Inversion Therapy: Definition, Benefits, & Safety Risks

Instructor: Meghan Greenwood

Meghan has taught undergraduate and graduate level science courses and has a PhD in Immunology.

This lesson will define inversion therapy and in what situations it is recommended. It will also describe the benefits of the treatment as well as the safety risks.

Gravity and the Spine

What goes up, must come down. As inhabitants of planet Earth, we understand that throwing a ball into the air will eventually result in it falling down. We also realize that going for a walk does not mean we have to worry about floating into the atmosphere; our feet will remain planted firmly on the ground. Unlike the moon, Earth is affected by gravity. Gravity is the principle that gives weight to physical objects. And although gravity is responsible for keeping our feet on the ground, think about what effect it may have on the inside of our bodies.

At birth, our spine contains 33 bones or vertebrae. As an adult, a few of the lower vertebrae fuse together, reducing the total to 26. The spine is segmented into 5 main regions, as shown in the image below: cervical, thoracic, lumbar, sacral, and coccygeal. Our spine not only protects the spinal cord, but is also crucial for movement and supporting our weight. The lumbar spine, or the lower back region, is especially important for carrying the upper body's weight, and is impacted greatly by gravity.

The spine consists of 5 major regions: cervical, thoracic, lumbar, sacral, and coccygeal vertebrae.

Definition of Inversion Therapy

In between each vertebrae lies a padded disc that contains spinal fluid and nerves. These little cushions are what keep the vertebrae from rubbing against each other. However, they are also the targets of pressure from gravity. You can imagine how gravity may contribute to pain in the spine. As the weight of the body pushes down on the vertebral discs, the spine has a tough job of keeping us upright and pain-free. Importantly, gravity is not the only cause of pain in the spine; aging, poor posture, and injury are also key players in spinal discomfort.

As an alternative to pain medication or other invasive treatment, inversion therapy is recommended by physical therapists, especially when the cause of back pain is unclear. Inversion therapy is a mechanical method performed by suspending the body on a table in an upside-down position (see image below). This position helps to stretch the body and provides traction to the spine. Traction is a method used to decompress the spine, alleviating pressure on the vertebral discs and vertebrae.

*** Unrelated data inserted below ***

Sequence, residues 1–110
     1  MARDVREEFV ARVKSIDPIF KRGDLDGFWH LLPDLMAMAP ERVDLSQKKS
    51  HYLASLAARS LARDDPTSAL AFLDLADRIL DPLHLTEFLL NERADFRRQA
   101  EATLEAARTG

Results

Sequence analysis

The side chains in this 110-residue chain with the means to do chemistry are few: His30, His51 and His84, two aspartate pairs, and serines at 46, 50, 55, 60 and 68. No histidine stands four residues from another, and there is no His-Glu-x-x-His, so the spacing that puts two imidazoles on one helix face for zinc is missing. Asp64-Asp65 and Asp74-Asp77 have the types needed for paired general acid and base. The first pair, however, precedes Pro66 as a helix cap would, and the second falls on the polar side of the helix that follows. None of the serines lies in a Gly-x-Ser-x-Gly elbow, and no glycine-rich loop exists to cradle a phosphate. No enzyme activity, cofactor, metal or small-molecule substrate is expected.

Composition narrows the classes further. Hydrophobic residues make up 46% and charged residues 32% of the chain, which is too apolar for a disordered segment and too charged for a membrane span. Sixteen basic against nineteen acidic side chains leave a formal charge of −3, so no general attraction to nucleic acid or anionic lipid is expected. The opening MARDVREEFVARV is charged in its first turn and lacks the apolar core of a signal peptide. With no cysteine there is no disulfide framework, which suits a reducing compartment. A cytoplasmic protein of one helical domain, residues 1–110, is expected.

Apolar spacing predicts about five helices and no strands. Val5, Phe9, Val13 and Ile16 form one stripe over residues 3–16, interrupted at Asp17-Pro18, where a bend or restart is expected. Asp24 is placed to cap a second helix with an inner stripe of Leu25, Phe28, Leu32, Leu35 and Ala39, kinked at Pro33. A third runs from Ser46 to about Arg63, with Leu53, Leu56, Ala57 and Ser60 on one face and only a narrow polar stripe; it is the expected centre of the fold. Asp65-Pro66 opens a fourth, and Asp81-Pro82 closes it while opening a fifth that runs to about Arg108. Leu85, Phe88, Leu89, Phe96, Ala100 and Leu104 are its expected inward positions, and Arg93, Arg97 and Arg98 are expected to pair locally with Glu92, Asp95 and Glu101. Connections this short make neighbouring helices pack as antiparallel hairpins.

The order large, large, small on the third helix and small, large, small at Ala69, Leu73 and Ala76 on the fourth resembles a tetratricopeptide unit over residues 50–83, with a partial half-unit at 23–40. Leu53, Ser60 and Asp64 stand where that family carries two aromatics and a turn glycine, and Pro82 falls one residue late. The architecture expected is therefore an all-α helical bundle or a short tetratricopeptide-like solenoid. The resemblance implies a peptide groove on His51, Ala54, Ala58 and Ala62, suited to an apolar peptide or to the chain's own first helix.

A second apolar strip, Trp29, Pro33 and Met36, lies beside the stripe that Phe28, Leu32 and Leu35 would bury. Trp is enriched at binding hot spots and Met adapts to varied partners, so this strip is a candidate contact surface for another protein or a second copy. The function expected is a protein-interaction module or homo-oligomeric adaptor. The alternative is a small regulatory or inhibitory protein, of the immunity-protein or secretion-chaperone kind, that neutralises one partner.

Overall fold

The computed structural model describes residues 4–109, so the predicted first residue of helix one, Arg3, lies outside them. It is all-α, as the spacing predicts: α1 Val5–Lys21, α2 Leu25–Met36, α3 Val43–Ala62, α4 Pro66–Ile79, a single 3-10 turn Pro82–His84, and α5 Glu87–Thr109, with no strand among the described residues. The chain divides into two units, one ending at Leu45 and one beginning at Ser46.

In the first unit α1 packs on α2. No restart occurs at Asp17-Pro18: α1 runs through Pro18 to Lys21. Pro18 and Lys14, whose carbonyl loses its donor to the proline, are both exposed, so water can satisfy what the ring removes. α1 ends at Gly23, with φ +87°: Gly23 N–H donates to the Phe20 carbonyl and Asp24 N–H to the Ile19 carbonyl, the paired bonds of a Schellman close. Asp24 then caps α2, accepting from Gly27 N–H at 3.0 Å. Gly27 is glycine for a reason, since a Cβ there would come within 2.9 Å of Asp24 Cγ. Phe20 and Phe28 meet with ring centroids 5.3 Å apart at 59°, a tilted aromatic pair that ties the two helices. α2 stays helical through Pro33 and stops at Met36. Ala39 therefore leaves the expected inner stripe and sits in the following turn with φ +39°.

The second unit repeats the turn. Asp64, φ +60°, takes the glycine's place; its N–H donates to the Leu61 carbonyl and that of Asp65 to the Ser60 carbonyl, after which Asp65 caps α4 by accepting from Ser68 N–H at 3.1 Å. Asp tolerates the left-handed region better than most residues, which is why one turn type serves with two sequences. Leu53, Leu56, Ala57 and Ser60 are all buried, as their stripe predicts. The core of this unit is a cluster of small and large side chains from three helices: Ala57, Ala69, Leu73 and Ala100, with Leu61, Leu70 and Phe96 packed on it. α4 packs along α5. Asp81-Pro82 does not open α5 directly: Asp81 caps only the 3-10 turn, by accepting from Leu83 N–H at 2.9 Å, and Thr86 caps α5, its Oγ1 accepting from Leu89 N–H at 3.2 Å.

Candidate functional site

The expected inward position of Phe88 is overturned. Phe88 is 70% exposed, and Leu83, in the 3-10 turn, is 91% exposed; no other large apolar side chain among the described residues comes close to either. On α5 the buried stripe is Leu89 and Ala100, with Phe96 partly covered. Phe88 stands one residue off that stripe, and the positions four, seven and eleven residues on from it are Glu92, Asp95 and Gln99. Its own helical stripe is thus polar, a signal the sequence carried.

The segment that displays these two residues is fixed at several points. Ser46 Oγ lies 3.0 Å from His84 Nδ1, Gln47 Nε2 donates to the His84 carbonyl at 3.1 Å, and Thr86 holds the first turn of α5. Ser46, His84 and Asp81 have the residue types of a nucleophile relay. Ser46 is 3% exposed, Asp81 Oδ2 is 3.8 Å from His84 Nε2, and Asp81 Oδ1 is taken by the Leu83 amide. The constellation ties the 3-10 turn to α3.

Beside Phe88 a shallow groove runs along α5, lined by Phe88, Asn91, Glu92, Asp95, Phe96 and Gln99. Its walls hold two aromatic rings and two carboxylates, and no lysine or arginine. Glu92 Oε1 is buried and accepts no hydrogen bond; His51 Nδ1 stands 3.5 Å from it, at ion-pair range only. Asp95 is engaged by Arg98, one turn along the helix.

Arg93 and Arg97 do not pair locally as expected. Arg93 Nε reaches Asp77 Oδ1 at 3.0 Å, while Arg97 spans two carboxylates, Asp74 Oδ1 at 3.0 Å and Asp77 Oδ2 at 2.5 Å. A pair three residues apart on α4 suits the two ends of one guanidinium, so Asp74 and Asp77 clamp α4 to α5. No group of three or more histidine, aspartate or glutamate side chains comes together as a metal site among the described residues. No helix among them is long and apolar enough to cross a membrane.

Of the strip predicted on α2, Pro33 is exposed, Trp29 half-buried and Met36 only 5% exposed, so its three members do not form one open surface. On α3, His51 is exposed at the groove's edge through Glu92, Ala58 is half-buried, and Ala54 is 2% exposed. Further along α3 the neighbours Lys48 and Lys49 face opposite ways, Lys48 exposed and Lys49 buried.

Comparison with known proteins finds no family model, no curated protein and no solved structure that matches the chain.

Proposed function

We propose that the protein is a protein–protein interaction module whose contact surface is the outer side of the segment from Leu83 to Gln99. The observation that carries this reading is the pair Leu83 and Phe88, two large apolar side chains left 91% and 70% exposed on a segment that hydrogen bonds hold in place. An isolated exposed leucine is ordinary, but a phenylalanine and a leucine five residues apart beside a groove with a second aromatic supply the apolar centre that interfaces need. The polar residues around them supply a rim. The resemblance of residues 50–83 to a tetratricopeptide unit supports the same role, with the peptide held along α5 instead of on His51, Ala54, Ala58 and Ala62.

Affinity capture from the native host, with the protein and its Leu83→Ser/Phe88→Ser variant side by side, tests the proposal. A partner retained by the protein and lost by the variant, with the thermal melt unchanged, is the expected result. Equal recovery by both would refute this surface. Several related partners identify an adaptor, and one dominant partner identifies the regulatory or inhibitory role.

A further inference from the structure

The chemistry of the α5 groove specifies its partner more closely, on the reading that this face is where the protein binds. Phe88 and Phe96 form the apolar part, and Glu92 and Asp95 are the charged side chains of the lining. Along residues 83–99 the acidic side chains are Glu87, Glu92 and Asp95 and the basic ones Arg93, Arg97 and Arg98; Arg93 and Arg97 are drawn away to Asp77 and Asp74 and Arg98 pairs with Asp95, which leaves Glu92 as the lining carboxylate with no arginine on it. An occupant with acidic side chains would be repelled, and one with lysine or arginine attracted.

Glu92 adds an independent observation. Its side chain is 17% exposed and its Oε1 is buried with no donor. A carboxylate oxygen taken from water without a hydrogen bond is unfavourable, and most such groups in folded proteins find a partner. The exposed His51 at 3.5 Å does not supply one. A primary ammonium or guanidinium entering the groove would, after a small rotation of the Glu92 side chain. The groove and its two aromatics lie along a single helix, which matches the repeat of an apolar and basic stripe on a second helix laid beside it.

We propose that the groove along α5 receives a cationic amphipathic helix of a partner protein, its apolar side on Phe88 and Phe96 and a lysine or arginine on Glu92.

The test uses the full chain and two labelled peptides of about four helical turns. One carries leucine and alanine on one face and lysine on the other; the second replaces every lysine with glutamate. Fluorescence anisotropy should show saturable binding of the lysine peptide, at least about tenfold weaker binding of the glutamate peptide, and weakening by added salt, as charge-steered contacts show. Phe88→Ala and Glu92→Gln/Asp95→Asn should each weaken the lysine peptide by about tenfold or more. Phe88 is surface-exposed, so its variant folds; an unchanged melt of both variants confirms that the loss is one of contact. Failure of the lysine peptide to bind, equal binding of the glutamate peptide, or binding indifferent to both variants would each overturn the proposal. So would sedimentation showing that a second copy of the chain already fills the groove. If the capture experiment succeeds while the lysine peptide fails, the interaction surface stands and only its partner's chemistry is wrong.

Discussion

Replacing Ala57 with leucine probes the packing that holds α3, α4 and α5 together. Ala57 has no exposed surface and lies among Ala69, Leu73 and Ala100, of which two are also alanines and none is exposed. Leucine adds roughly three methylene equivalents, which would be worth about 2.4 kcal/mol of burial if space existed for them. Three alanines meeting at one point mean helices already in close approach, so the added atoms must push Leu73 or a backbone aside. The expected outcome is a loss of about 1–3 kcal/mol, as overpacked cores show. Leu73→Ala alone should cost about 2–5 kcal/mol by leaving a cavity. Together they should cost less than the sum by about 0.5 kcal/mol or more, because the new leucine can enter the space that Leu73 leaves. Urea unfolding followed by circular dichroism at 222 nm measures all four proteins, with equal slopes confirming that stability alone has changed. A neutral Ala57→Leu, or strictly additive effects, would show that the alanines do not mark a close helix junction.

The image shows a typical inversion therapy table, where the feet would strap in, allowing the body to be shifted upside-down.
Inversion table

Benefits of Inversion Therapy

The four main benefits of inversion therapy include:

  1. spinal realignment
  2. disc rehydration
  3. nerve pressure reduction
  4. muscle relaxation

To unlock this lesson you must be a Member.
Create your account

Register to view this lesson

Are you a student or a teacher?

Unlock Your Education

See for yourself why 30 million people use

Become a member and start learning now.
Become a Member  Back
What teachers are saying about
Try it risk-free for 30 days

Earning College Credit

Did you know… We have over 200 college courses that prepare you to earn credit by exam that is accepted by over 1,500 colleges and universities. You can test out of the first two years of college and save thousands off your degree. Anyone can earn credit-by-exam regardless of age or education level.

To learn more, visit our Earning Credit Page

Transferring credit to the school of your choice

Not sure what college you want to attend yet? has thousands of articles about every imaginable degree, area of study and career path that can help you find the school that's right for you.

Create an account to start this course today
Try it risk-free for 30 days!
Create an account